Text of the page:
“The Shallows,” directed by Jaume Collet-Serra, is a mindless shark drama that works oddly well in spite of itself.
After losing her mother to cancer, an American med student named Nancy (Blake Lively) takes an escape vacation to a mystery beach in Mexico. Uncertain about her future in medical school, she hopes this trip will give her a sense of clarity by allowing her to reconnect with her mother, who had discovered this beach while pregnant.
Although the beach is just as picturesque as she had envisioned, the vacation goes nightmarishly wrong when Nancy is attacked by a great white shark. She manages to scramble away, stranding herself on a small rock that juts out of the ocean. What follows is a battle between brawn and wits as Nancy schemes to escape or be rescued.
Where some human-versus-nature movies relish the opportunity to keep its protagonist in isolation from the rest of the world, “The Shallows” seems to view this solitude as a hindrance, as writer Anthony Jaswinski refuses to leave any scene without dialogue. Nancy is constantly speaking to herself, whether she’s giving herself a pep talk or orally planning her escape. At times, she talks to a bird, whom she has named Steven Seagull, or even to the shark itself.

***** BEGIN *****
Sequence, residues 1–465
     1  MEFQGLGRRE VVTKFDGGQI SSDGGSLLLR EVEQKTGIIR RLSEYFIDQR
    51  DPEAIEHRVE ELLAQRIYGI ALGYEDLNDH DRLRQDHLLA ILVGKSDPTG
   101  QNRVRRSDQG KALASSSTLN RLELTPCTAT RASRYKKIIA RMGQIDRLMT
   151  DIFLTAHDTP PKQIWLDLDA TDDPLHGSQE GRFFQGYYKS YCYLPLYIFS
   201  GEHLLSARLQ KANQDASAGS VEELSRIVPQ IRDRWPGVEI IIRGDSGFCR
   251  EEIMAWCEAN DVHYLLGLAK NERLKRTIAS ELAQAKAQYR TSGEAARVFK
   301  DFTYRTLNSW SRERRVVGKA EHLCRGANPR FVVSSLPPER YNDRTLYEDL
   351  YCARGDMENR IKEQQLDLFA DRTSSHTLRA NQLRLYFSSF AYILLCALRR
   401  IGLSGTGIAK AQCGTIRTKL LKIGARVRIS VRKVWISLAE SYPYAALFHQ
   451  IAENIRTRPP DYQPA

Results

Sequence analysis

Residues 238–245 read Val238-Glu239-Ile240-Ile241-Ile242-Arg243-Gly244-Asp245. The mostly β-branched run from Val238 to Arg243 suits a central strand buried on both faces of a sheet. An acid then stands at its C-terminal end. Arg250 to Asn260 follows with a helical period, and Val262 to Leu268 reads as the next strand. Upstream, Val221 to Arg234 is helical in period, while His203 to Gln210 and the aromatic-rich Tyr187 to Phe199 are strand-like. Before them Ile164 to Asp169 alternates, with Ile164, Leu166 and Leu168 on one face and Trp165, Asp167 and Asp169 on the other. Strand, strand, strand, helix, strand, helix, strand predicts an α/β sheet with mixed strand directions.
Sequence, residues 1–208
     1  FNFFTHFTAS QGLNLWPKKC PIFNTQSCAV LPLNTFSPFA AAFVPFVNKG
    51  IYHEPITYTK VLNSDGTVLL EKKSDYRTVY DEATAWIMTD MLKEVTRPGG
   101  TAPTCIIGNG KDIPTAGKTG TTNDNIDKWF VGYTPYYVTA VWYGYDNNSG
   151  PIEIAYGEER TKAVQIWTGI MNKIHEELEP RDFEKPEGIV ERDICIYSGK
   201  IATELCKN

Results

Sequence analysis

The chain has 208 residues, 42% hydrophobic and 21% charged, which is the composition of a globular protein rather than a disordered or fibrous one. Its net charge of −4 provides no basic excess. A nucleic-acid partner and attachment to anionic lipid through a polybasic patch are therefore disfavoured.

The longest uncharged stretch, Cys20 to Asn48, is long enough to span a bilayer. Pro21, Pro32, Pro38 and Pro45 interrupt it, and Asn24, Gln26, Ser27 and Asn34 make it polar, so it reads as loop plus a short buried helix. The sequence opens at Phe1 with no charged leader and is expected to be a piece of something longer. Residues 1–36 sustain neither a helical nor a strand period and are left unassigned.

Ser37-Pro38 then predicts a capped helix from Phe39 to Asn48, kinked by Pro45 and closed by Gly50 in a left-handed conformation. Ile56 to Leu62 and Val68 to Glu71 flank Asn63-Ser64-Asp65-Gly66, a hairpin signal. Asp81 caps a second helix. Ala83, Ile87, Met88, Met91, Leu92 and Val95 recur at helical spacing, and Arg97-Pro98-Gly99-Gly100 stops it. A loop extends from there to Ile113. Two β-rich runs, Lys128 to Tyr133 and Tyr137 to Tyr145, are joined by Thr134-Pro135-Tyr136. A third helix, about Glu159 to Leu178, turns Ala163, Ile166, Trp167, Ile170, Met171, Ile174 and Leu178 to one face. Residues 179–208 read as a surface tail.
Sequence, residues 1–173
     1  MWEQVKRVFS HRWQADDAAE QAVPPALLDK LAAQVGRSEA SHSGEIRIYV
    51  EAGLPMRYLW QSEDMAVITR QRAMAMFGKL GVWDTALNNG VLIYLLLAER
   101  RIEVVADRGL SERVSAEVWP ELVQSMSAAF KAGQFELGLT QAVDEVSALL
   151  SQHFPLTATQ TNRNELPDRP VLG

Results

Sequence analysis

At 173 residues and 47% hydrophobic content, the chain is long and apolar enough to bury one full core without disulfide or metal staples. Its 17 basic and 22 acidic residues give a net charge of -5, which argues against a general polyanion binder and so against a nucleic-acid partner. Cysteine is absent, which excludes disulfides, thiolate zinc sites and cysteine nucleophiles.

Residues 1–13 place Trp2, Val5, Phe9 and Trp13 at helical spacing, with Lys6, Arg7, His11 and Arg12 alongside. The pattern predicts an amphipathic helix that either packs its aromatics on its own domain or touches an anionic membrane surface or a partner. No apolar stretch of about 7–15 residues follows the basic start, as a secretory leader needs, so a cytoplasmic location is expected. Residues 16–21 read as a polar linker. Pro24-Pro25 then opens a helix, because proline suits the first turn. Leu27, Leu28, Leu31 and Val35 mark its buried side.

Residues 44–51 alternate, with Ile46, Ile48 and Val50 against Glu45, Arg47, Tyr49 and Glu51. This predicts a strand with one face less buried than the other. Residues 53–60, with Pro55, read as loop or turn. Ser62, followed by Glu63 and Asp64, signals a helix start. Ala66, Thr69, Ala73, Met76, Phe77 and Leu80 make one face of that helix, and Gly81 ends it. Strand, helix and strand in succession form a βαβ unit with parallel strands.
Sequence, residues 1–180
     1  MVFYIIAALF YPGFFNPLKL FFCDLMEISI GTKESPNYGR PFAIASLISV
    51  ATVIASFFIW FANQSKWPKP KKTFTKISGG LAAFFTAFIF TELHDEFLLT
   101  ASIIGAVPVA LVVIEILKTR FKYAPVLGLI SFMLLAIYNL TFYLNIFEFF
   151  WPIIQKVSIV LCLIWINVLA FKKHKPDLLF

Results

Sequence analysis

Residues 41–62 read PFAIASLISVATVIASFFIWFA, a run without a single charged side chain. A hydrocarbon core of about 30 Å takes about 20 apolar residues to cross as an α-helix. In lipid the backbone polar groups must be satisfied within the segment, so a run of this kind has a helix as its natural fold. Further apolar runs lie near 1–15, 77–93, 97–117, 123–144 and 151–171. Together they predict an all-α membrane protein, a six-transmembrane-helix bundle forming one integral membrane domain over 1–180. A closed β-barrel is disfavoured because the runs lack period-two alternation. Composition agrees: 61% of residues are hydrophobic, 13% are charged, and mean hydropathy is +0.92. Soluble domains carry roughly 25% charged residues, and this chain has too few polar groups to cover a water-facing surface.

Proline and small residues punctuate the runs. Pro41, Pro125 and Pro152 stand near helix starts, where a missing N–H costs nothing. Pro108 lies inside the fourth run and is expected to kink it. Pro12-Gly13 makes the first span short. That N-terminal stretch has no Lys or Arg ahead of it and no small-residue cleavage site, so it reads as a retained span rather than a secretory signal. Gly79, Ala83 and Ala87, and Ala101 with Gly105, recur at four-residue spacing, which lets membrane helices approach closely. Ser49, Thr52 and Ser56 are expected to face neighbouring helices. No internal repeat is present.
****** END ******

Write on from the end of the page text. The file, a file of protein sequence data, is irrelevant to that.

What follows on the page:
Some actors or actresses may be deft enough to stick the landing here. Lively, however, is not. Her mumbling voice rings hollow, failing to hit whatever notes of emotion are necessary to each line.
But blaming Lively’s performance too much would be unfair, as the dialogue is both unnecessary and bland. Even Hollywood’s greatest talents would struggle delivering such corny lines.
In fact, there isn’t a great reason why “The Shallows” needs so much dialogue. It’s as if Jaswinski was worried that viewers would lose interest or be unable to follow Nancy’s logic. The resulting script insults the audience’s intelligence while cutting the film’s suspense.
Even the emotional character arc of Nancy falls completely flat with an unnecessarily shoehorned epilogue. Her development is neither earned nor fulfilling.
The writing issues don’t stop with Nancy and her dialogue, though. “The Shallows” never really explains why the shark is so hungry for human flesh. And its behavior doesn’t seem to match that of a real live shark.
Yet, despite of all these major flaws, Collet-Serra’s film recovers due to its exquisite visuals. The beach is gorgeous; the shark looks intensely real. Each splash of ocean water seems to hit the viewers in the face. The cinematography cleverly keeps the shark outside of the frame, creating the lingering fear that the shark could strike at any moment. When the shark does appear, it seemingly erupts through the screen into the theater. This depiction creates an exhilarating visceral experience.
“The Shallows” is an odd beast. The dialogue is terribly unnecessary, the acting isn’t great, and the shark doesn’t always act like a real shark. Still, it manages to appeal to the senses enough to be an OK film.
MOVE gives “The Shallows” 2.5 out of 5 stars.